All these polls saying this side or that side will win in any political situation… I have never been asked by these poll-makers. I don’t know anyone who has been asked.
Do they ask the same people over and over again? If so, are the results skewed by being produced only from people who volunteer for polls? Rather like the antismokers only asking the opinions of nonsmokers, or the antibooze lot only asking the opinions of teetoallers?
If the polls are based on a volunteer pool then they are not truly random. They require a character trait – being the sort of person who answers polls – which might be linked to other character traits, including one which could be the subject of a particular poll.
For example, if the trait ‘volunteers for polls’ is linked to the trait ‘hates cats’ then a poll asking ‘should cat ownership be banned’ would get a resounding ‘yes’. But a lot of people like cats. I don’t have one but there’s one who’s been trying to move in for the past few weeks. It practically lives in the garden and mews at the back door. I have tried explaining that it doesn’t live here and I have no cat food but so far, to no avail. It looks healthy so it’s getting fed somewhere.
Back to polls. The big-news one at the moment is the Scottish Independence Vote. It keeps coming out 50/50, and any swing of one or two percent is hailed as victory by the appropriate side.
The result we’ve been seeing is an average of four polls. Three are each linked to a newspaper, the fourth to the ‘No’ campaign and they currently look like this:
Panelbase/Sunday Times – Yes 49.4% No 50.6%
Opinium/Observer – Yes 47% No 53%
ICM/Sunday Telegraph – Yes 54% No 46%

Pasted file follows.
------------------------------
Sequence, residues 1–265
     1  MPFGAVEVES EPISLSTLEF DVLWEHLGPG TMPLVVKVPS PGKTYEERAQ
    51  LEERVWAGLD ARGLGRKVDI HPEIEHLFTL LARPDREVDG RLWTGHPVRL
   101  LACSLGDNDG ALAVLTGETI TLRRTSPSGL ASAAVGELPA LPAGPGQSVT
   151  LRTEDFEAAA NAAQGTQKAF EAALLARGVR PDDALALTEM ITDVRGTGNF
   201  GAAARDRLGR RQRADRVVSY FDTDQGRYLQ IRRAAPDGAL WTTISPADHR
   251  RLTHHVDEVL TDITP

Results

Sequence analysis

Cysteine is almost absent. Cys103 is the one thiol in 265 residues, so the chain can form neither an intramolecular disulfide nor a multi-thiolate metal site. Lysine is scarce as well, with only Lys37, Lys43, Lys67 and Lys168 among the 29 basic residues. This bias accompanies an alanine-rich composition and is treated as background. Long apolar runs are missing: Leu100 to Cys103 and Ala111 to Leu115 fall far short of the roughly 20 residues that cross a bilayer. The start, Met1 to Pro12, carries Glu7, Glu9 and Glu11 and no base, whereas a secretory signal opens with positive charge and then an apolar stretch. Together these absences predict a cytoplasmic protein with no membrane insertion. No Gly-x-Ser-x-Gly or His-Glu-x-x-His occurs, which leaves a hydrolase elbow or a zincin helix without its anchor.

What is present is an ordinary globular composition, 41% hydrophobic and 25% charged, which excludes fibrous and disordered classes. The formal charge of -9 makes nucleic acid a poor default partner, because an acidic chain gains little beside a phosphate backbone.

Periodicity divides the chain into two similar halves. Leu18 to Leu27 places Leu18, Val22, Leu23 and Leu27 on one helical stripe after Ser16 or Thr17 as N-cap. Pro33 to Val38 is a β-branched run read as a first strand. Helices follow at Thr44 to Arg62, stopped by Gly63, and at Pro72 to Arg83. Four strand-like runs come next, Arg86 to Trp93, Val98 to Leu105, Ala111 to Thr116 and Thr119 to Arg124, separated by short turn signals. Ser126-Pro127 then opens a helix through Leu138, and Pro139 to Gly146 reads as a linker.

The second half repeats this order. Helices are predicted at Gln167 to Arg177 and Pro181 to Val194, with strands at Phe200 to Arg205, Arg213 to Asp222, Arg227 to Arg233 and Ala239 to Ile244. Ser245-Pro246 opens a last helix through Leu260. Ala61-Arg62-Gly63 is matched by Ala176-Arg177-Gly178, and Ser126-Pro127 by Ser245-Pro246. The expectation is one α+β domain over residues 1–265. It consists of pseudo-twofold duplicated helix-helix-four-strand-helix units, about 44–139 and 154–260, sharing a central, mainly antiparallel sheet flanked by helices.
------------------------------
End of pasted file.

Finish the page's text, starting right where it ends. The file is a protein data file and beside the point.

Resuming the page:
Survation/Better Together – Yes 46% No 54%
If you simply average the percentages you get Yes 49.2% and No 50.9%. The overall poll is claiming 49% Yes and 51% No so it looks like that’s what they’ve been doing.
The man who produces the overall prediction said this –
‘We are dependent on a pot of people which is defined, but we don’t know how big it is and in my view it won’t be big enough.’
Size matters, but not overall size. The size of each of those four polls matters a lot.
Let’s take an extreme example. Poll A reports 80% Yes and 20% No. Poll B reports 20% Yes and 80% No.
Averaging the percentages gives you a 50/50 split vote.
However, suppose poll A asked 500 people and poll B asked only 100. In that case, poll A reported 400 ‘Yes’ votes and 100 ‘No’ votes. Poll B reported 20 ‘Yes’ votes and 80 ‘No’ votes.
Which means that the real pool of data is 420 ‘Yes’ and 180 ‘No’. The real percentages are 70% ‘Yes’ and 30% ‘No’.
Averaging percentages is not going to work unless each poll asks exactly the same number of people every time. If you don’t know how many are in each of four datasets then averaging the percentage results is meaningless. If Poll B asked 100 of the people already surveyed by Poll A then it’s even worse – Poll B becomes entirely irrelevant! Any overlap between polls (and people who answer polls might well answer more than one) further complicates the calculation.
This is not complex maths. It’s well within the required ability of any kind of number-cruncher-based employment and a high ranking pollster should know this.
To work out the average of four polls you need to know a) how many people were polled and b) how many people answered more than one poll – and what their answers were. That last bit might not be so easy, if the poll is to be kept confidential, but even knowing how much overlap there is between polls would let you work out a plus-or-minus for the overall result.
It seems that the 50/50 we have been hearing about might be way, way off target. The result could be a slam-dunk one way or the other.
The final result is anybody’s guess. Even the pollsters now admit it.